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Hello to anyone reading this on your iPhone, MacBook or iPad right now. Shout-out to myself, for I am typing this column on my MacBook, preparing to send it via email to my senior editor. Finally, a very special acknowledgment to the late Steve Jobs and Steve Wozniak, the two people who co-founded Apple, Inc. in 1976. Without them, the majority of us wouldn’t (digitally) be here. That is to say, we wouldn’t be in our technology cult.

Call me cynical, but our reality is that we are dependent on a single corporation to manufacture and produce our livelihood. We fawn over larger cameras, another hour of battery life (like that’s really going to stop you from outlet-hugging anyways), and, in a much larger sense, the peace of mind that upgrading to the most recent iOS will somehow better protect us from the evils in the world.

This past Friday, Apple launched its iPhone 13, starting at $699 for iPhone Mini and progressively growing more expensive until you reach the holy grail of smartphones: the iPhone Pro Max, which will quickly rob you of $1,099. Sure enough, just as the sun rose on the east coast, once again did technology-obsessed wackjobs line up outside of Apple stores to get their hands on a coveted, 5.78×2.82×0.3-inch rectangular prism. 

The dynamic is quite clear: We are absolutely hooked and Apple knows it. From a business standpoint, it’s all marketing. The company focuses on their unique appeal to prospective customers, which is a “beautiful design that works right out of the box with ever-smaller packaging.” Think about it: Apple products are sleek, simplistic and sexy; much of their consumer appeal solely comes from attractiveness to the eye. When you open a box, you feel as if you’ve been transported 100 years into the future. No other company can truly replicate that. 

Moreover, everything about Apple is proprietary: iCloud, AirDrop and the side effect of having every bubble in the group chat be blue. If you’re the one who makes or has made the group chat bubbles turn green, you’ve probably been guilted into purchasing an iPhone by now. Overall, the corporation’s strategy is very much a “competitive advantage for Apple and its market share,” as it easily retains customers. 

I, too, am deeply entrenched in Apple’s web of compatibility. I have an iPhone, MacBook Air and AirPods, similar to many of you I’m sure. Personally, I find it alarming that I am so dependent on their technology to maintain my daily efficiency. Therefore, I try to minimize my usage. I still take notes with paper and pencil — despite looking like I am dated 50 years in the past compared to my classmates — and not a MacBook, because physically transcribing information is how I best retain information (and science upholds this approach’s value). I also prefer not to put in AirPods and listen to music while I walk to class so I can soak in the sounds of campus without interruption.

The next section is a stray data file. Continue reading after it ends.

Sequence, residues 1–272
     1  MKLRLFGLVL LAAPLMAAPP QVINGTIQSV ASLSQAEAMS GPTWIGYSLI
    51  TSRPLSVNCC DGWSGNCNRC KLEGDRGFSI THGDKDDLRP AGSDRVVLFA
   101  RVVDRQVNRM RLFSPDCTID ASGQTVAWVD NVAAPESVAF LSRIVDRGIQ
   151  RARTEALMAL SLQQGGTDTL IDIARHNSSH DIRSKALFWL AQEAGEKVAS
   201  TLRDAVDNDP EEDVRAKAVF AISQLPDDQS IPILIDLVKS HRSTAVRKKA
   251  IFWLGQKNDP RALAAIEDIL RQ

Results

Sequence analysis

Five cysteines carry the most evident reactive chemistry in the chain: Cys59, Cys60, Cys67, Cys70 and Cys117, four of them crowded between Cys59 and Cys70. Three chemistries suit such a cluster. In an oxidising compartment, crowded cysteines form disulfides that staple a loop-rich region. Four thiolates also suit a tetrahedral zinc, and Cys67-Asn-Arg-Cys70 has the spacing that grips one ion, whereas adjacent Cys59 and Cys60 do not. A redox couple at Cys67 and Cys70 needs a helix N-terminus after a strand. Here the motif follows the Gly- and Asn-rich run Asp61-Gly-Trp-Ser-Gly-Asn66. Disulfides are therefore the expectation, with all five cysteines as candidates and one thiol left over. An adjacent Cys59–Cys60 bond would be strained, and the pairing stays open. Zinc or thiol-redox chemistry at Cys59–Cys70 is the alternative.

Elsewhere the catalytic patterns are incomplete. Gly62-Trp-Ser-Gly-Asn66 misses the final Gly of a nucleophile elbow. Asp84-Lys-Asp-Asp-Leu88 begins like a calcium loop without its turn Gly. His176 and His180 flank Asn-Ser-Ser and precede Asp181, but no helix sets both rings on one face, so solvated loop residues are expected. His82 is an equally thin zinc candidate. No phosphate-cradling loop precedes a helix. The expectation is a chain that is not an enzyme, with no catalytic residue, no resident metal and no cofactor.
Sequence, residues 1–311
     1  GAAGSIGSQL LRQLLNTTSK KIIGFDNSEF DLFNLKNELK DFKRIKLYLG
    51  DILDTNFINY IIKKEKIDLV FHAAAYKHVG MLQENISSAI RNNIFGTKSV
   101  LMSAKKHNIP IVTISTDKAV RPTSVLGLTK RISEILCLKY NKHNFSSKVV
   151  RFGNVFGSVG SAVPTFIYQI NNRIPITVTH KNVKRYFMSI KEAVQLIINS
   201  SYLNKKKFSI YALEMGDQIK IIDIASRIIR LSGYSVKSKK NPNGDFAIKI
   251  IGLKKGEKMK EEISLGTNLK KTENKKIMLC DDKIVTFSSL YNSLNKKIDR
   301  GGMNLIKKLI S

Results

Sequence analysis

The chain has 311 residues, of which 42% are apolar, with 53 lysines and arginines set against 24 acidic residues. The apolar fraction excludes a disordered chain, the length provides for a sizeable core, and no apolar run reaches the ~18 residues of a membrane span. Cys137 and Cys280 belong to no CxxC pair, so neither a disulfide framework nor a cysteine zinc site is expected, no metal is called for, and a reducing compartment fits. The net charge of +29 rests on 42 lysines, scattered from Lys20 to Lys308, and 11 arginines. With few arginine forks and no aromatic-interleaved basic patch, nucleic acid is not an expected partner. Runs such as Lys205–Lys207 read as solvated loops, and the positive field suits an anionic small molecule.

I encourage the rest of you to do the same, at least every once in a while. It’s easy to convince yourself that you need Apple’s products at your side at every turn, perhaps to justify the insane price tags behind them. Yet, when you buy their technology, you’re not acquiring the incremental upgrades or increase in value. You are renewing your contract of thought, in that you are lost without them.

As a society, we place value perhaps a little too frequently in the wrong spots. If the bubbles were green and not blue, would it really affect the ability and impact of texting? If we had to use a manual alarm clock instead of our phone’s audibly pleasing ringtones, wouldn’t we still wake up in the morning? Worse yet, imagine if we still had to use a landline! 

If we weren’t as consumed by brands, labels and status — all byproducts of what Apple devices offer through their actual, marketable products — then perhaps we could discover a little more enjoyment in life’s natural beauties.

Whenever I’m at an Apple Store or in a crowded room full of people gazing at their pixelated screens, I feel like I’m living the movie “Wall-E.” We, as the human species, are boarding Apple’s giant spaceship, living comfortably through our technology. Somewhere on Earth, people exist without these electronic means of communication, totally happy and at peace with their lives, waiting for more people to join them. I, myself, am willing to contemplate my reliance and begin to reconsider my constant use of Apple products.

The question is: Are you?

Sam Woiteshek is an Opinion Columnist and can be reached at